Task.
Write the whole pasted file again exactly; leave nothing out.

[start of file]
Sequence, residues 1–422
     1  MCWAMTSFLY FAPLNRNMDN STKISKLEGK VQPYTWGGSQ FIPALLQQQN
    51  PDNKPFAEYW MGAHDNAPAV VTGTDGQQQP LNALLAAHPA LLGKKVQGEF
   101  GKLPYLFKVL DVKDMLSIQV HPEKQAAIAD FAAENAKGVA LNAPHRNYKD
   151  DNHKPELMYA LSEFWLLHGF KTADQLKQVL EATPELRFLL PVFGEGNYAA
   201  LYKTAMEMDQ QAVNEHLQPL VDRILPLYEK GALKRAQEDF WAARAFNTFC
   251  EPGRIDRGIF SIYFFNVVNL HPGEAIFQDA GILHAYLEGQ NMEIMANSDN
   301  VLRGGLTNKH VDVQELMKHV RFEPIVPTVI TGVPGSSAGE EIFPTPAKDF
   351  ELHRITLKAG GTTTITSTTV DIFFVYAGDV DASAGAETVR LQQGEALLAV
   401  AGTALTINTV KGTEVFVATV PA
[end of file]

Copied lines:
Sequence, residues 1–422
     1  MCWAMTSFLY FAPLNRNMDN STKISKLEGK VQPYTWGGSQ FIPALLQQQN
    51  PDNKPFAEYW MGAHDNAPAV VTGTDGQQQP LNALLAAHPA LLGKKVQGEF
   101  GKLPYLFKVL DVKDMLSIQV HPEKQAAIAD FAAENAKGVA LNAPHRNYKD
   151  DNHKPELMYA LSEFWLLHGF KTADQLKQVL EATPELRFLL PVFGEGNYAA
   201  LYKTAMEMDQ QAVNEHLQPL VDRILPLYEK GALKRAQEDF WAARAFNTFC
   251  EPGRIDRGIF SIYFFNVVNL HPGEAIFQDA GILHAYLEGQ NMEIMANSDN
   301  VLRGGLTNKH VDVQELMKHV RFEPIVPTVI TGVPGSSAGE EIFPTPAKDF
   351  ELHRITLKAG GTTTITSTTV DIFFVYAGDV DASAGAETVR LQQGEALLAV
   401  AGTALTINTV KGTEVFVATV PA